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An hotel or a hotel ?

13 replies

ginandbearit · 30/06/2018 00:21

Just seen on another thread a number of posters using the phrase "this is not a hotel" which looks ok but I have always said 'an' hotel ..which feels more correct ..though maybe a bit archaic
Any opinions please ?

OP posts:
28282ooooh · 30/06/2018 00:31

"It's a house"
"It's an house"

^ that's me working it out in another context. So for me it is a hotel. Said it out loud a few times as well.

MsHomeSlice · 30/06/2018 00:33

if you say the "H" in hotel I think it's fine to say "a hotel" ...if you are going to use "an" then you have to go the full Basil Fawlty and say "an 'otel" imo :o

BellaJessica · 30/06/2018 00:37

A hotel. A car. A house.

An instrument.

donquixotedelamancha · 30/06/2018 00:38

.if you are going to use "an" then you have to go the full Basil Fawlty and say "an 'otel" imo

Exactly that. A for consonant sounds and an for vowel sounds, e.g.

  • A hotel
  • An hour
PippilottaLongstocking · 30/06/2018 00:39

Surely the rule is if it starts with a vowel or vowel-sound it’s ‘an’, if it starts with a pronounced consonant it’s ‘a’
So it depends if you say hotel or ‘otel

PippilottaLongstocking · 30/06/2018 00:40

Aha someone else beat me to it

BackforGood · 30/06/2018 00:43

What Pippilotta said.

'An' is to be used if the words starts with a vowel.
Hotel doesn't, it starts with an 'h', so it is "a hotel"

TheNumberfaker · 30/06/2018 00:48

I don't understand at all why anyone would say an hotel or an historic...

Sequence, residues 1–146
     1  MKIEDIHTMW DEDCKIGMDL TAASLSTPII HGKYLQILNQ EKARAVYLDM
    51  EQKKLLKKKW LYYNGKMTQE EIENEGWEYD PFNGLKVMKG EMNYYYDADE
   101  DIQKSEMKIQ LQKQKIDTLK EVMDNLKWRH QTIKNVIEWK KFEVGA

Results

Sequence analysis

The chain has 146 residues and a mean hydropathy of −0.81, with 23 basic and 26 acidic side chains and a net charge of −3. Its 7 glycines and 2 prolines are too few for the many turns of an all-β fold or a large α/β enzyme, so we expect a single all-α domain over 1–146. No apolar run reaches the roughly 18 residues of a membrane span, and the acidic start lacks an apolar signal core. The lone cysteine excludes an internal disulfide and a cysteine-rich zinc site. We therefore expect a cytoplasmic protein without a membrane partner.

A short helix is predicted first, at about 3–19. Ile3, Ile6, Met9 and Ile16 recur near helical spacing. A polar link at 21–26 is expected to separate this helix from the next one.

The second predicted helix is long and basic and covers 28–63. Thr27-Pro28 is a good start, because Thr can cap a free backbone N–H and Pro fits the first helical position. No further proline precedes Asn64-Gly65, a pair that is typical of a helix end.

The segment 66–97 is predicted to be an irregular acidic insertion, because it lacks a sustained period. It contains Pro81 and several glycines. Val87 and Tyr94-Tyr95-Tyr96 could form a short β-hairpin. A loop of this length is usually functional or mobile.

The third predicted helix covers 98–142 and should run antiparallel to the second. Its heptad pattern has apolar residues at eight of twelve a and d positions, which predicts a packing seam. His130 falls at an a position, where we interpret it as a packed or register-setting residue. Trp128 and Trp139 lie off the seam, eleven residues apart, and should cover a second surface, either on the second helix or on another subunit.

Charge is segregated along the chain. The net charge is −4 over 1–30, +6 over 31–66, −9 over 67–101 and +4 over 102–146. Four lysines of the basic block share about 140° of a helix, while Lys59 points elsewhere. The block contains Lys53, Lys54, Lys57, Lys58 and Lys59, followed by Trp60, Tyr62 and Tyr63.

Fifthtimelucky · 30/06/2018 06:46

I think "an 'otel" is a bit archaic these days. I'm in my late 50s and never use it, though my parents did.

Squeegle · 30/06/2018 06:48

An hotel has traditionally been the right way to say it, but it feels a bit archaic now. In truth I would always say a hotel.

pigsDOfly · 30/06/2018 16:48

I'm old enough to be familiar with an hotel, an historic but I tend towards a hotel nowadays as using 'an' does sound very dated.

Gran22 · 21/08/2018 16:06

I was ridiculed as a child by a teacher in the 50s for saying 'an hotel' with a silent 'h'. I'd read it and my parents used it so I thought it was fine.

Wouldn't use it now.Blush

justilou1 · 30/08/2018 14:47

I read somewhere that the use of “an” before words starting with “H” began when the aristocracy decided to copy the French-style silent “H” at Court, claiming it was “hunpronouncable”. This was then emulated by the Cockneys and of course promptly dropped by the courtiers, but still taught erroneously by English teachers. (*Please note, I haven’t actually researched these “facts”.)

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